Rabobank cuts ties with professional cycling

Dutch banking group Rabobank is cutting its ties with professional cycling in the wake of the Lance Armstrong revelations, saying it is no longer convinced that cycling is a “a clean and fair sport.”

RabobankPic
Rabobank cuts ties with professional cycling following the Lance Armstrong doping revelations.

The bank says it will end its 17-year sponsorship of both the men’s and women’s professional Dutch cycling teams at the end of the year (31 December). It will, however continue to sponsor amateur cycling.

Rabobank, which is the biggest backer of Dutch professional cycling with a sponsorship worth €15m (£12.2m), is pulling out of the sport because “the trust in the cycling world has gone”, following allegations from US anti-doping chiefs that Lance Armstrong was at the centre of a doping ring.

In a statement the financial firm said: “It is with pain in our heart, but for the bank this is an inevitable decision. We are no longer convinced that the international professional world of cycling can make this a clean and fair sport. We are not confident that this will change for the better in the foreseeable future.”

The Rabobank men’s team has won 23 Tour de France stage wins since the sponsorship began in 1996, most recently in 2011.

Both men’s and women’s teams said in a statement they will try to find new sponsors.

The decision comes a day after the Rabobank team confirmed that the International Cycling Union (UCI) had launched a doping case against one its riders, Carlos Barredo.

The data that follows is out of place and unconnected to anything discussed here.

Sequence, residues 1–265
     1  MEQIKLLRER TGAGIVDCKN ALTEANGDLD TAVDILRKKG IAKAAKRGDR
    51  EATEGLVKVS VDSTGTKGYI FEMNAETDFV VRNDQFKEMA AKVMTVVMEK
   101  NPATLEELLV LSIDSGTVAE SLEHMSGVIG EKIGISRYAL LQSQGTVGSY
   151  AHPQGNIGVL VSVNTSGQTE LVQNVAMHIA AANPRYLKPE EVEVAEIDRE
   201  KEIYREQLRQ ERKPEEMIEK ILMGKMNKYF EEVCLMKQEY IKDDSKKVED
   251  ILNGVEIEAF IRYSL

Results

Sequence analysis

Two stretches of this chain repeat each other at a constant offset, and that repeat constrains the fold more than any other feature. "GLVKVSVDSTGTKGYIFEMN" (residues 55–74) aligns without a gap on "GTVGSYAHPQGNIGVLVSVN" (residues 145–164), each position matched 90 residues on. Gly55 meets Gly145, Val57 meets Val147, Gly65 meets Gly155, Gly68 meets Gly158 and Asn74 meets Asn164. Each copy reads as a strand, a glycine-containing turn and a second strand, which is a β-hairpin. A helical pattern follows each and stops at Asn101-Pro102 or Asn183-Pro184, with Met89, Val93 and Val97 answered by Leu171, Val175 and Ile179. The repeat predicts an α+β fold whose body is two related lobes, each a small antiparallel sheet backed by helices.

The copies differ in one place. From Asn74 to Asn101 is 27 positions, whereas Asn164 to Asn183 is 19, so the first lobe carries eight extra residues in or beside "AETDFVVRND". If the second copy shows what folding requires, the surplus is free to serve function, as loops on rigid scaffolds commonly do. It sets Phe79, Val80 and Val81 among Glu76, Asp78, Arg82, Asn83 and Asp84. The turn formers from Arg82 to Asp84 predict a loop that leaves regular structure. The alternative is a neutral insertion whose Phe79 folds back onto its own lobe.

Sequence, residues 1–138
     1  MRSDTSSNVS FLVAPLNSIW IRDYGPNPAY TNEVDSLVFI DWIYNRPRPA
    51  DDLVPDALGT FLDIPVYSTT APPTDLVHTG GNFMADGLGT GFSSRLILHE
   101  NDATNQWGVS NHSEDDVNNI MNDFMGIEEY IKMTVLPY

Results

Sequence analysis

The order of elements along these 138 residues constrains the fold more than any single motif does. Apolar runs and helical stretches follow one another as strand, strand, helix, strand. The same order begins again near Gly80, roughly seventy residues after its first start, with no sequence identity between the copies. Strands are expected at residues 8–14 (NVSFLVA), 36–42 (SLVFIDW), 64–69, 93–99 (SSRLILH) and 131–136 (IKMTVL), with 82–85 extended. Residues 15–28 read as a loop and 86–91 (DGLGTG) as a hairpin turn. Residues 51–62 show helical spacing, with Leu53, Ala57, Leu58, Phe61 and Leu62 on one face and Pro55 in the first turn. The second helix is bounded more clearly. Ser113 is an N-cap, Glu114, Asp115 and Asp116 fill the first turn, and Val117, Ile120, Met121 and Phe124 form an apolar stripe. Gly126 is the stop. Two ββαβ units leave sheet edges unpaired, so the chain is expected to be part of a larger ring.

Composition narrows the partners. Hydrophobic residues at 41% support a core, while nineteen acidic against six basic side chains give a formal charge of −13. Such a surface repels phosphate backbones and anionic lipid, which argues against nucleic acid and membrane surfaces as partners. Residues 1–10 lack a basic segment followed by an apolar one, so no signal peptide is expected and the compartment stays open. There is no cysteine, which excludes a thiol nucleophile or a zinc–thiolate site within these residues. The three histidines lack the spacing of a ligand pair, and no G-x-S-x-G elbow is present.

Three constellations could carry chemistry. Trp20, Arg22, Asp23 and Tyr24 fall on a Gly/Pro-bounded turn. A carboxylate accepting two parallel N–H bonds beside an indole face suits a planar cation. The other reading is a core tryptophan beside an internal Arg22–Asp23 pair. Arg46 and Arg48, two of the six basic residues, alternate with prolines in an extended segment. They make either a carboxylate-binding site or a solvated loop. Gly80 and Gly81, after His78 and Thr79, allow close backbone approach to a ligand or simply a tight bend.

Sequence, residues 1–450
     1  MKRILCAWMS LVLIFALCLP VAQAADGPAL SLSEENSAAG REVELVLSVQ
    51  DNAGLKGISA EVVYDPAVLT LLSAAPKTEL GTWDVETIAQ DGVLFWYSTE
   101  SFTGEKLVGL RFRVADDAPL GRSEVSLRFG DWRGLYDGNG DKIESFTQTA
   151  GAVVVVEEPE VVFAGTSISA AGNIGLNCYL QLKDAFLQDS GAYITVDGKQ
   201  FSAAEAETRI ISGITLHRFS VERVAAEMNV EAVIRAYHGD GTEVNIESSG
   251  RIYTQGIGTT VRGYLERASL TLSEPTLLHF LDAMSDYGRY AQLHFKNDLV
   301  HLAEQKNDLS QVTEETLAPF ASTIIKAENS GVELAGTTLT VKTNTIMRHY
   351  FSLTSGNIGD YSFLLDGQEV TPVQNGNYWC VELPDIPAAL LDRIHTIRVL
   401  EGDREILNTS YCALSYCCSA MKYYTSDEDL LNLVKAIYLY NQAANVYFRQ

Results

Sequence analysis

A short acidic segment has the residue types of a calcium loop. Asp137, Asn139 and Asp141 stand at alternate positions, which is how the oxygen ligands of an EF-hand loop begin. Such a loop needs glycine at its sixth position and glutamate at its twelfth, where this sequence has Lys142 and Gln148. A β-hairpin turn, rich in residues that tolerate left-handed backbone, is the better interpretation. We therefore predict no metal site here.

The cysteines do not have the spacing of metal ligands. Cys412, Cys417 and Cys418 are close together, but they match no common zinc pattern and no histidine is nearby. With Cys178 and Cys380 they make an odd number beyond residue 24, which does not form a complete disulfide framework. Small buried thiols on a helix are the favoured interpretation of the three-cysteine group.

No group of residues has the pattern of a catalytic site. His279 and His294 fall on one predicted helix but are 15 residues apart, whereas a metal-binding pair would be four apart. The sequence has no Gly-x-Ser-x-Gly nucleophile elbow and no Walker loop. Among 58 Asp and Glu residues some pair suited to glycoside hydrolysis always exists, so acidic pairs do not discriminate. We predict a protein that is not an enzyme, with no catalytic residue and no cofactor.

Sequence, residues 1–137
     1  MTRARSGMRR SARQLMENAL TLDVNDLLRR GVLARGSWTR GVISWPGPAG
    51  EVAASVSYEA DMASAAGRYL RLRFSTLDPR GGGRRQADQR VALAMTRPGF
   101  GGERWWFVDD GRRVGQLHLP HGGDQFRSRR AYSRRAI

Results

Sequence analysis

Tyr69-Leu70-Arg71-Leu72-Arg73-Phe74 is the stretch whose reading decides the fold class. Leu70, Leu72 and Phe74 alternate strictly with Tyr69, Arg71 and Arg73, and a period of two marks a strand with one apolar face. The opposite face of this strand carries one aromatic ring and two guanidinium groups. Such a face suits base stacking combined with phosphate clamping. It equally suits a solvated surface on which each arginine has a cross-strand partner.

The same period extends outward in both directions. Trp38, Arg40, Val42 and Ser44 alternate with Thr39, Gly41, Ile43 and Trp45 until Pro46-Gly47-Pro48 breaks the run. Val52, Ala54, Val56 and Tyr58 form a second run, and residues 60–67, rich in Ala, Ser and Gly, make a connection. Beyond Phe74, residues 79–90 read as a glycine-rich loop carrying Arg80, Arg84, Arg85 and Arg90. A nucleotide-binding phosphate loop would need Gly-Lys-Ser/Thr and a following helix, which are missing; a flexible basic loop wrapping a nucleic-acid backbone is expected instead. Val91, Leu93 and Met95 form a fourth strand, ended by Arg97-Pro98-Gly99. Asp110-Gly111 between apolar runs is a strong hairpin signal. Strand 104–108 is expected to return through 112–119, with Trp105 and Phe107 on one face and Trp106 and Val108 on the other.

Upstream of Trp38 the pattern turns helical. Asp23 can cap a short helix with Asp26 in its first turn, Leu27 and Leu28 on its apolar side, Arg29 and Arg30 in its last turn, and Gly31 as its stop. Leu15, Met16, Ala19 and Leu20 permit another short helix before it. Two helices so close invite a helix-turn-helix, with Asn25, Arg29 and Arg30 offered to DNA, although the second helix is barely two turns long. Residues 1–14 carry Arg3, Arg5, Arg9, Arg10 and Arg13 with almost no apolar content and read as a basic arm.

The UCI says it understood the bank’s decision “in light of the difficult period, namely the high public interest in past doping issues and perhaps a more recent action taken by the UCI against a rider of the team.”

British cyclist David Millar, who was handed a two-year suspension for doping in 2004, criticised the move, saying onTwitter: “Dear Rabobank, you were part of the problem. How dare you walk away from your young clean guys who are part of the solution. Sickening.”

Rabobank is the latest major sponsor to turn its back on cycling after the US Anti-Doping Agency (USADA) branded Armstrong a “serial cheat” last week. In the past few days Armstrong has beed dropped by several of his sponsors including Nike and AB Inbev.

Industry experts have told Marketing Week that the knock-on effects of the allegations surrounding the former seven time Tour de France winner could dent the professional cycling’s ability to attract major sponsors in the future.

Latest from Marketing Week

NOT REGISTERED? IT'S FREE, QUICK AND EASY!

Access Marketing Week’s wealth of insight, analysis and opinion that will help you do your job better.

Register and receive the best content from the only UK title 100% dedicated to serving marketers' needs.

We’ll ask you just a few questions about what you do and where you work. The more we know about our visitors, the better and more relevant content we can provide for them. And, yes, knowing our audience better helps us find commercial partners too. Don't worry, we won't share your information with other parties, unless you give us permission to do so.

Register now

THE BEST CONTENT

Our award winning editorial team (PPA Digital Brand of the Year) ask the big questions about the biggest issues on everything from strategy through to execution to help you navigate the fast moving modern marketing landscape.

THE BIGGEST ISSUES

From the opportunities and challenges of emerging technology to the need for greater effectiveness, from the challenge of measurement to building a marketing team fit for the future, we are your guide.

PERSONAL AND PROFESSIONAL DEVELOPMENT

Information, inspiration and advice from the marketing world and beyond that will help you develop as a marketer and as a leader.

Having problems?

Contact us on +44 (0)20 7292 3711 or email subscriptions@marketingweek.com

If you are looking for our Jobs site, please click here